`In many respects, the nineteenth century belonged to Britain.'For much of the period between 1800 and 1914 Britain was at the height of its power and influence, one of the world's superpowers, if not its greatest.
It was the golden Victorian age - one of prosperity and transformation.
Britannia ruled the waves, and through its achievements and influence, it was a leader for political, economic and cultural change.
Its cities and population expanded rapidly, industrialisation and the advent of the steam railway revolutionised trade and the economy.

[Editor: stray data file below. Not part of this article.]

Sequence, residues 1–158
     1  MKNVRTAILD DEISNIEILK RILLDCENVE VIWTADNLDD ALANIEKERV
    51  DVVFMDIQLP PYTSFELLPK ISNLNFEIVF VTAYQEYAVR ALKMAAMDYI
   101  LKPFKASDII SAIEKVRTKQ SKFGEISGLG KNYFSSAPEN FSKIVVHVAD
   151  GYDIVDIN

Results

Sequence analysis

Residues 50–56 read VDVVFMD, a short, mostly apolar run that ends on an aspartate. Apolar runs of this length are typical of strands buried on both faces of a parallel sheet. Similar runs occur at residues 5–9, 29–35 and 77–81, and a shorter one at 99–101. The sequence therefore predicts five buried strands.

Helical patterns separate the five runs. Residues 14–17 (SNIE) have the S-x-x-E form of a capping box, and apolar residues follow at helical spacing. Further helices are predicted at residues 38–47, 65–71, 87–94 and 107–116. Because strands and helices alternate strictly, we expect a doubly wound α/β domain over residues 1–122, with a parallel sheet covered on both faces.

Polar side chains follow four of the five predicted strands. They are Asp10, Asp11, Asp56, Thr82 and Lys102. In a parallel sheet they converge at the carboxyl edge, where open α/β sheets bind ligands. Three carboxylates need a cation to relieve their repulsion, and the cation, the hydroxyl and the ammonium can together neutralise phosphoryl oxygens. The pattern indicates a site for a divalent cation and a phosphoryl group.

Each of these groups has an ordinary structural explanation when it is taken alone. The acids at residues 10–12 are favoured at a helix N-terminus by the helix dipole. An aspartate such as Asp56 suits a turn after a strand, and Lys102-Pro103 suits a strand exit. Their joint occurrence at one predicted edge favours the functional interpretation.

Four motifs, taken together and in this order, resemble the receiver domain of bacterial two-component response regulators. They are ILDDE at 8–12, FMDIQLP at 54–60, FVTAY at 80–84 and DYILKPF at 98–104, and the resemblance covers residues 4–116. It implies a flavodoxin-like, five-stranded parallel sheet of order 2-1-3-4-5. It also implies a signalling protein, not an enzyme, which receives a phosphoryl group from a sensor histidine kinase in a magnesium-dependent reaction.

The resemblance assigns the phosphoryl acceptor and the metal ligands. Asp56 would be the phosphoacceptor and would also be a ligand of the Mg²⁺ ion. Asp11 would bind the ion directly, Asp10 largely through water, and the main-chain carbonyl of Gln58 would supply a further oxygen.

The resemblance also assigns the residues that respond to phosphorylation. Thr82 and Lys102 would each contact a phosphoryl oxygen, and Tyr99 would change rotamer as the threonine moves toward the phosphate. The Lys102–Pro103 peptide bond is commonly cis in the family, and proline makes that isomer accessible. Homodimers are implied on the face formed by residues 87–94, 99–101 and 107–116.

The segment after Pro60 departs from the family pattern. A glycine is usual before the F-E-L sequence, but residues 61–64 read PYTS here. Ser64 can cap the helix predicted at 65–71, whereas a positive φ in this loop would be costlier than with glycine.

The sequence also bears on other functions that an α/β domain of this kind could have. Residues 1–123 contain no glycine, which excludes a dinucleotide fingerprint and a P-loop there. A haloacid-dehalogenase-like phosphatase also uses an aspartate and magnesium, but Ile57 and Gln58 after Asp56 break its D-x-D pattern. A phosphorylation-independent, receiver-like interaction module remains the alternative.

The rise of the middle classes changed the social structure forever.
Politics was dominated by debate on Irish Home Rule, Britain escaped revolution by timely political reform, and the delicate balance of power in Europe was assiduously protected, despite minor wars in outposts of the Empire.
This century clearly saw seismic change, but what did this mean to the nation?
Just a few decades later, most of what Victorian Britain held dear would be shattered by the aftermath of the looming Great War. Tracing the political, social and economic cultures of the period, as well as what might have been, William D.
Rubinstein seeks to uncover how this fascinating century of change impacted the British people and their sense of identity.